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Big Eddy Imperial IPA

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Jacob Leinenkugel Brewing Company
Chippewa Falls, WI
USA
http://www.leinies.com

Style: Imperial/Double IPA

Jug’s Rating:
one beerone beerone beerone beerone beer   (World class.)


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This weekend I was lucky enough to find myself a few blocks away from one of The Great Dane's brewpubs in Madison. I am no stranger to the Great Dane, nor am I one to squander the opportunity to hit a great brewpub. This article could have easily turned out to be about the brewpub, but the truth is, what I found inside was much more interesting.

The Great Dane is famous for their house brews, but to make a long story short this particular location cannot yet serve their own beers due to an obscure pre-prohibition law. I knew this going on but I also knew I could expect to find classy craft beers on the menu.

My date (an Irish lass with a great appreciation for fine beer) and I grabbed a booth by the bar. After studying the beer list I ordered a rather unremarkable trippel and some brats (which were awesome). I scarfed down the brats and washed them down with my flavorless trippel. Just then our waitress appeared and asked if I would like another beer. "Of course, but not another one of those," I answered and did a quick study of the beer list. I needed something to go with the spicy Wisconsin bratwurst—an IPA. The only IPA on the list was one brewed by Leinenkugel's named Big Eddy Imperial IPA.

I had never heard of this beer before, but I am rather offended by most IPAs in circulation today. IPAs are a classic style of beer made in England. Historically IPAs are brewed to fit either the "English" or the "Imperial" classification. The rising popularity of craft beers in the United States has somehow distorted and destroyed this classic style. Far too often I am handed an IPA that is actually an over-hopped American Pale ale. They are usually pale in color, light in body and aggressively hopped with the all too common Cascade hop (which only grows in America and has no place in the IPA craft brews at all). This trend actually coined a new subclass of IPAs called American IPA. (You know, it's the pale ales America made to ship to India when it was an American colony. Oh wait, that wasn't America—why do we call them American IPAs then?) Honestly, I expected nothing different when I ordered the Big Eddy.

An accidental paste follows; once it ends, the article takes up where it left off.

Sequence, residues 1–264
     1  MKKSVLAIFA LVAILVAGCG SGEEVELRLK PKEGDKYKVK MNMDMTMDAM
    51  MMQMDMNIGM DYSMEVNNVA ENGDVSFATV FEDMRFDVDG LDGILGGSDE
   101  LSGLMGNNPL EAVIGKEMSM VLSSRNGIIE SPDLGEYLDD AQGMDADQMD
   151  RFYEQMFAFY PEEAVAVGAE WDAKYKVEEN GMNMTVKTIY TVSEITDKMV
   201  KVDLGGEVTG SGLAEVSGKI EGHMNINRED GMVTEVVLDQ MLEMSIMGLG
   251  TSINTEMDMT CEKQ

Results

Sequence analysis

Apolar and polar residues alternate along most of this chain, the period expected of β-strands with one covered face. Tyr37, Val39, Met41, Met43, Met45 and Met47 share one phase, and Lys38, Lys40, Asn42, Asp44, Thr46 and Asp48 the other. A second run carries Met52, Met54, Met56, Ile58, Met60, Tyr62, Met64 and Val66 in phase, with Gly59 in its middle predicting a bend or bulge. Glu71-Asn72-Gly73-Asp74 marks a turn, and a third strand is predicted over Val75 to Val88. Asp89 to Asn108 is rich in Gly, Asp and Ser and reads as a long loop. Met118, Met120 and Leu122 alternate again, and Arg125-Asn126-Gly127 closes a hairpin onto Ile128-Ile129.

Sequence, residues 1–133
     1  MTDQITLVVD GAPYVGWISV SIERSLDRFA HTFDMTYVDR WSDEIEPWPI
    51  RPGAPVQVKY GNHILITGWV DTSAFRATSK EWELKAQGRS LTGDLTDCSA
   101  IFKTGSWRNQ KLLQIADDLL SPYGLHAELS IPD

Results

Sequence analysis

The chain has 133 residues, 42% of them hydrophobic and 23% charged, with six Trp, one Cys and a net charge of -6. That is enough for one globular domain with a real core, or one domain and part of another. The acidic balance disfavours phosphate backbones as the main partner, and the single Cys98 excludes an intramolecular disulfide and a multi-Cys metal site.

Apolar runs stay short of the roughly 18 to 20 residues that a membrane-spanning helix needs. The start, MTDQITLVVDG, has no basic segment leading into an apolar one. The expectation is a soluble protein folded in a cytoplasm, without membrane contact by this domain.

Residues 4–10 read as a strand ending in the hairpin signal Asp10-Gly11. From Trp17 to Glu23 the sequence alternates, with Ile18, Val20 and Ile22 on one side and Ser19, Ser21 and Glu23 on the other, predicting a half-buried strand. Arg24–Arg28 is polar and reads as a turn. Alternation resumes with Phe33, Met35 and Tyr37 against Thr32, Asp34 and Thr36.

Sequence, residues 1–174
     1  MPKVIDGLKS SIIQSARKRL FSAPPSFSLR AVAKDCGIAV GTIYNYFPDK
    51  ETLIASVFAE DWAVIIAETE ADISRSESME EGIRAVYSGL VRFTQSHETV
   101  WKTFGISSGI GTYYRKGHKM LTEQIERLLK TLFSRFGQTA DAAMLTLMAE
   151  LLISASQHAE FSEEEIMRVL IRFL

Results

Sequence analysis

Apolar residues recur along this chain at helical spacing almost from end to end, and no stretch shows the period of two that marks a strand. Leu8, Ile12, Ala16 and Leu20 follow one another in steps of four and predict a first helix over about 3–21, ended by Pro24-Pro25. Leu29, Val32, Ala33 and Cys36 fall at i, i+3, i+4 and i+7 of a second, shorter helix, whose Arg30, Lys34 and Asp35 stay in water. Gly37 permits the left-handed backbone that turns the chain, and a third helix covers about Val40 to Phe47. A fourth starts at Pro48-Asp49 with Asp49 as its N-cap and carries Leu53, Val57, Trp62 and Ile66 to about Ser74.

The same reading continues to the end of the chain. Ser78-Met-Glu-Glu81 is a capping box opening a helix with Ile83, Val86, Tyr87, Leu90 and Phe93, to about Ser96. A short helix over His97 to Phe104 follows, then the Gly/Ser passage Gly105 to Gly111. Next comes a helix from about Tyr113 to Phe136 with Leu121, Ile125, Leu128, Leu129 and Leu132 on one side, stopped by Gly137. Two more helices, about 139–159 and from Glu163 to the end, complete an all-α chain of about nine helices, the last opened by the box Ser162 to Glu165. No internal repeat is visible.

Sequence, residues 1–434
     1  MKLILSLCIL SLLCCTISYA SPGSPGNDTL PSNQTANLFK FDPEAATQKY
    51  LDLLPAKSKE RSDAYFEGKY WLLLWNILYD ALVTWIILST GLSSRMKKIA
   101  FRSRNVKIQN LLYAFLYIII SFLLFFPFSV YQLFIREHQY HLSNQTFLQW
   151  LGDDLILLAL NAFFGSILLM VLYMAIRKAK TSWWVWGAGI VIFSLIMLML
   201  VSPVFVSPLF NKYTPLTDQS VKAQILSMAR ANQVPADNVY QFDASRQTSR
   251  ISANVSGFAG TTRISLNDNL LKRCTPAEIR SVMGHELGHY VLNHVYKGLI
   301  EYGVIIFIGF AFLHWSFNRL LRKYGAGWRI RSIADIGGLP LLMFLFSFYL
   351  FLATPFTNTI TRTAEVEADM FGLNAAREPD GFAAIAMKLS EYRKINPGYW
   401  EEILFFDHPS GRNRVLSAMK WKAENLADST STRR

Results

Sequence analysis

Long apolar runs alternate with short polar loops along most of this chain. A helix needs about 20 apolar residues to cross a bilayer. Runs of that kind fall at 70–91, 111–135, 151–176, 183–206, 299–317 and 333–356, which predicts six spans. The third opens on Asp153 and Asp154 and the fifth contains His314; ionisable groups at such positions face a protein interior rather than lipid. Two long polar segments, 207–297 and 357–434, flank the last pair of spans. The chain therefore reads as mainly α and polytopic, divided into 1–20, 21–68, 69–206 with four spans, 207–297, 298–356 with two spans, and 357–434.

The first indication I was wrong was as soon as the waitress set the pint in front of me. "It takes this beer a little while to clear," she explained. I looked down to my deep copper-colored ale and was shocked to see the nitrogen bubbles still rushing to form its bright white, fine-beaded head. I must have looked shocked, because the waitress said, "We use the same style of pump to draw this beer as we do with the Guinness." A nitrogen beer engine? Now I was intrigued.

I waited for the beer to clear and studied it carefully. It was a slightly cloudy, deep coppery color topped with the nitrogen head. Its aroma was rich and malty balanced with a medium but complex hop nose. I sat and studied this beautiful beer for another minute, then it was time for the real test.

I raised the glass, closed my eyes and took a sip. Big malt flavor, I mean big. A sweet caramel maltiness balanced with toasted malts dominate at first. It finishes dry with a complex british hop flavor. The nitrogen gave it a silky smooth mouth feel despite its big body. A deceptively slight alcohol flavor could be noticed but you have to search for it.

I can't say enough for this beer. It reminds me of an old recipe I made called "Octane IPA." This is one of the few beers I believe can truly live up to and claim the IPA title. Although the nose of the brew indicated possible Cascade hops, the taste indicated british origin with Kent Goldings and Fuggles being the likely suspects. This beer lends itself more to the English IPA class than the Imperial IPA class, but it certainly is not an American rip off of this style.

God bless the Jacob Leinenkugel Brewing Company for sticking to their guns and brewing a great beer. I honestly did not expect such a great rendition of a classic style out of them but I am pleasantly surprised. This beer is meaty and hard hitting. It may not be for the lesser beer dorks out there, but it is nothing less than perfect for this one.

Prosit!

Reviewed by Jug Dunningan on July 1, 2007.
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